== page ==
The film makes plain that while he describes his vulgar world in vulgar terms, he is actually above it. We learn from the beginning of the film that his doctor, who he chats up with more warmth than his white bosses, is black. Remember, in 1971 it was still commonplace to just write off blacks as "monkeys" or worse. The idea of a black man being a doctor, period, was unusual... let alone a white man seeing him for medical care and considering him his equal.
It is cues like these that reveal the true heart of the picture. So many soft-handed worryworts miss the point of the film because they do not understand the CONTEXT. The film is full of signs that Dirty Harry is an egalitarian in a time (1971) where such a point of view was rarer than it is now. Dirty Harry says the word "Spic" and a certain class of people are all aflutter, even as he embraces (insomuch as he embraces ANYTHING) his hispanic partner and his black doctor, and is enraged by the murder of a black, and so on ad infinitum.
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9 of 10 people found the following review helpful By Sanpete on March 18, 2008
Format: DVD
Dirty Harry is generally regarded as a classic, the beginning of a second larger-than-life persona for Clint Eastwood (after The Man with No Name). It's the source of the famous "Do you feel lucky? Well, do ya, punk?" (The actual quote is "... you've got to ask yourself a question: Do I feel lucky? Well, do ya, punk?" but the original doesn't quote as well out of context.)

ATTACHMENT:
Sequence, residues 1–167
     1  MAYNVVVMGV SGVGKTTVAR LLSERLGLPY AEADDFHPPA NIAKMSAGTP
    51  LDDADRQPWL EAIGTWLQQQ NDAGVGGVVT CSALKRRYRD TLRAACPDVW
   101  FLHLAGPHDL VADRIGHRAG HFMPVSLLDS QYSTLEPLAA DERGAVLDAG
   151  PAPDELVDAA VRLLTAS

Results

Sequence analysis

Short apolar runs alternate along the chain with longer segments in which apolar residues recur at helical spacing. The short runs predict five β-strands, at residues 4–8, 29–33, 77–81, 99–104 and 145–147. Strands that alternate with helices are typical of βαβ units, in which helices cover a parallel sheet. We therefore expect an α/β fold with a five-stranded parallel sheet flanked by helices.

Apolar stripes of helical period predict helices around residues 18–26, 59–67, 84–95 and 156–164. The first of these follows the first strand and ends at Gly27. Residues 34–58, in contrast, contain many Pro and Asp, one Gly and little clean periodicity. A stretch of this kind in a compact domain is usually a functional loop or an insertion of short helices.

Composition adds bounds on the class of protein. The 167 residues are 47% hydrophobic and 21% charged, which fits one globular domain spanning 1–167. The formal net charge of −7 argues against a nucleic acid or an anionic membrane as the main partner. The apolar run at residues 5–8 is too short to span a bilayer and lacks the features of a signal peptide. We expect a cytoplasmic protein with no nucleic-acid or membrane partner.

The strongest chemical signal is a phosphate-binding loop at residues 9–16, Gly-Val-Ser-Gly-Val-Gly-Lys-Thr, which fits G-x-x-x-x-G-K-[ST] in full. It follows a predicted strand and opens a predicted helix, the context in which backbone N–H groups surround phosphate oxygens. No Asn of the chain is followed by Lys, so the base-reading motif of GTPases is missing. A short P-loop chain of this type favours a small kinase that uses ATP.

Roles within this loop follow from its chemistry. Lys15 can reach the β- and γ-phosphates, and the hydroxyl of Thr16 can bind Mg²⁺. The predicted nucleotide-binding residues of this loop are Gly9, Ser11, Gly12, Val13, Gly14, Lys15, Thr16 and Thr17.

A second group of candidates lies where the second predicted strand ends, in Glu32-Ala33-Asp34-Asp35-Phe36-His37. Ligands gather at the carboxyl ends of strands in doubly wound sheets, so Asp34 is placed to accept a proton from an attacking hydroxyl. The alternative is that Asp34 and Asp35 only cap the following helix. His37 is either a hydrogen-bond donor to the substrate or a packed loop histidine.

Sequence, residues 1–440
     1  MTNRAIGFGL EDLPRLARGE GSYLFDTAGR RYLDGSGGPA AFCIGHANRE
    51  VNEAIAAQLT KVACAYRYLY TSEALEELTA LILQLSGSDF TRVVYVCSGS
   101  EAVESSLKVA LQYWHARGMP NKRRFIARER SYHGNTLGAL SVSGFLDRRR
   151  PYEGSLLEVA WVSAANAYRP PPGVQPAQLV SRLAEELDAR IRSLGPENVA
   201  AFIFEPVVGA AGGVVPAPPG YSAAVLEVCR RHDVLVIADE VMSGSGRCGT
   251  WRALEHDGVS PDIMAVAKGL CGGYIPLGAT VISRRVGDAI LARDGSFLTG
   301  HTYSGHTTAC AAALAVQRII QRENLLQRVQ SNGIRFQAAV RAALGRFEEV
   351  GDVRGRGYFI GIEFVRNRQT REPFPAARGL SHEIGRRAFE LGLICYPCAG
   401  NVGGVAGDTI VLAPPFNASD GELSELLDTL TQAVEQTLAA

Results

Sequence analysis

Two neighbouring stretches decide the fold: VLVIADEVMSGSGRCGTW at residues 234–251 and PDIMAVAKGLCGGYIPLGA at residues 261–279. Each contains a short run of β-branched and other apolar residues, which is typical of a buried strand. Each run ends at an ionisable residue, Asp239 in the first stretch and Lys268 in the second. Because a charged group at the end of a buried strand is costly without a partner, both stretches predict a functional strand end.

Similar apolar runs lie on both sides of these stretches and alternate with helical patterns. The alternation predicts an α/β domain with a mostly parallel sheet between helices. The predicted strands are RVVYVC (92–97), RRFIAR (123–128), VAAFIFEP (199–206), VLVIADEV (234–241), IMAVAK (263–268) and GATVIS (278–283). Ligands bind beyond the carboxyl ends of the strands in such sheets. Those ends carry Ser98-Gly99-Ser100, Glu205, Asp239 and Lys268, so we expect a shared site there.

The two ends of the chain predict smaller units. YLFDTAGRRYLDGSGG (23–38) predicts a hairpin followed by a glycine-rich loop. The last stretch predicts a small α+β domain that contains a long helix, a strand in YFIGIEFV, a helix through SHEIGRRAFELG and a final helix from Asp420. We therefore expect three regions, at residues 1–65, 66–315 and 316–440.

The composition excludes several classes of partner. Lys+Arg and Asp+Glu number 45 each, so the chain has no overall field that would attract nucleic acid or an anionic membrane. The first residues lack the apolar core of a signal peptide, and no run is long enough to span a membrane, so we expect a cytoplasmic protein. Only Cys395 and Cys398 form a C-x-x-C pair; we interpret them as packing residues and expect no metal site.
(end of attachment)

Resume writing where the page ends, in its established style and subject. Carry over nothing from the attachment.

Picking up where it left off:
Tough cop "Dirty" Harry Callahan has his own simple, commonsense rules for dealing with crime, based on a strong sense of right and wrong and an impatience with needless details and constraints. The latter gets him into continual trouble with the system which, as portrayed in the movie, is more about politics and bureaucracy than doing what needs to be done. This reflected well the frustrations and fears of Americans in the '70s that criminals were taking over the streets and that the law was powerless to stop them because the "criminal-coddling" courts were holding them back. I personally value the Fourth Amendment and other such niceties and shiver to think of some of the political and moral ramifications of this movie (some of which are still very much with us), but whatever one's politics, Dirty Harry is very effective as a police-action thriller, largely because of Eastwood's unique persona. It's hard not to admire and root for him even if you think he's not always right. There are also the standard gunfights and car chases, and high suspense, all well done.
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What Blu rays are you getting on June 3rd?
It is a good week. Cloverfield is a strong maybe, There Will Be Blood is required viewing. Signs will be coming home with me as well. If I hadn't bought the Dirty Harry set on standard DVD a couple of years ago that would be on the list as well. Face Off will probably have to wait a coupleof... Read More
Jun 2, 2008 by Stephen Cords |  See all 2 posts
Dirty Harry and Italian horror films
Not at all. The giallo style doesn't really show up in the US until the very end of the seventies in films like 'The Eyes of Laura Mars,' 'Dressed to Kill' and the slashers - and it is usually very diluted.

Where there are huge stylistic similarities would be in the poliziotteschi that... Read More
Dec 11, 2009 by Gryphon X |  See all 4 posts